Anatomy of a Trial: Public Loss, Lessons Learned from the People vs. O.J. Simpson

Anatomy of a Trial: Public Loss, Lessons Learned from the People vs. O.J. Simpson

Anatomy of a Trial: Public Loss, Lessons Learned from the People vs. O.J. Simpson

Anatomy of a Trial: Public Loss, Lessons Learned from the People vs. O.J. Simpson

Synopsis

The first account of the trial written with Judge Ito's cooperation, this is the narrative of the Los Angeles Superior Court's media liaison and features photographs that capture both the drama of the courtroom and the excesses of the media.

Excerpt

When former pro football player and TV pitchman O. J. Simpson was acquitted in the slashing deaths of his ex-wife, Nicole Brown Simpson, and her friend, Ronald Goldman, few foresaw the effect that trial would have on the judiciary and, consequently, on the public. Now, more than a decade after the verdicts, the Simpson trial remains a topic of debate and is cited as a major factor for an increase in such restrictive measures as gag orders, sealed documents, closed proceedings, and courtroom-camera bans. Those mea sures inhibit the public’s access to the courts and its understanding of court proceedings and the judicial system.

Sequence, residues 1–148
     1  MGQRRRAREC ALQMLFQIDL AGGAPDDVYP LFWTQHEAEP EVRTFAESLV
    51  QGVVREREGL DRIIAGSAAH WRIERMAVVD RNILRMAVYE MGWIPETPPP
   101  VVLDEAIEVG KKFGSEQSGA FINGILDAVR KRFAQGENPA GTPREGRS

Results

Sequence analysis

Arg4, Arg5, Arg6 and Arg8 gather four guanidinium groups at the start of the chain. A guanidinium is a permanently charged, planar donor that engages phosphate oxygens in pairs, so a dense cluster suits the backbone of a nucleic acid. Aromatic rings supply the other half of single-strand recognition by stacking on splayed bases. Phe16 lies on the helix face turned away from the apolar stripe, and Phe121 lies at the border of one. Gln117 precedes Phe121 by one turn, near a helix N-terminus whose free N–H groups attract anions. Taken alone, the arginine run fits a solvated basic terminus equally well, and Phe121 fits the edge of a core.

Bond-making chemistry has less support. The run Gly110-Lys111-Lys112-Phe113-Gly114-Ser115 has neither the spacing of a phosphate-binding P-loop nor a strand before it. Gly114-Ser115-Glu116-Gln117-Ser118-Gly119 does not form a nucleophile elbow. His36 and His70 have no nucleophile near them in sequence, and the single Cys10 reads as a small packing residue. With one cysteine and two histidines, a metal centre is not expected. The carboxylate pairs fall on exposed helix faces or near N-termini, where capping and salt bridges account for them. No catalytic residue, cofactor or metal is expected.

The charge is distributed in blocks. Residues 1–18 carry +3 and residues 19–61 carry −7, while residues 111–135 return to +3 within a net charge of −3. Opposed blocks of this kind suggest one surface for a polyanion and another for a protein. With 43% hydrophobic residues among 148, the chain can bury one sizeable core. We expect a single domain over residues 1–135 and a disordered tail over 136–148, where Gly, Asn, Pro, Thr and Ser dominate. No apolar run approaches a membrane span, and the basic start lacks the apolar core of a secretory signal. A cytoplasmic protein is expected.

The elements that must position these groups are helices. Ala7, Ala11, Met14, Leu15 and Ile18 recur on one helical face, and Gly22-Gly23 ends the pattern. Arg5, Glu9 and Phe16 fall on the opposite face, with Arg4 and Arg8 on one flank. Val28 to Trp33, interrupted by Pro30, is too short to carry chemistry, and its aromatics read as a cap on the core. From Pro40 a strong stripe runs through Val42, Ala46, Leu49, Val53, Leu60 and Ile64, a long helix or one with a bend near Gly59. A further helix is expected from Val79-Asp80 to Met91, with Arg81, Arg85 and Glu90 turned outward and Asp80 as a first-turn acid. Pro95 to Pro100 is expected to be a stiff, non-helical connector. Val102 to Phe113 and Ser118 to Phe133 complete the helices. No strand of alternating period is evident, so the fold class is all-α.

No other case in recent times, not even the 2005 Michael Jackson childmolestation trial, has come close to affecting the U.S. judiciary and media access to the courts or shaping public perception as much as the Simpson trial did. Even today, judges, journalists, and lawyers across the country say Simpson changed everything.

While hardly the first case to be called the “trial of the century,” the Simpson case came to epitomize media excess and perceived judicial mismanagement. It was, and continues to be, the subject of countless news stories. It launched an industry of legal punditry and even, some say, the reality-TV phenomenon. Yet, despite an explosion of news outlets in the past decade, the media and the public now have less access to and a diminished understanding of the third branch of government, thanks in part to the Simpson trial and media coverage of it.

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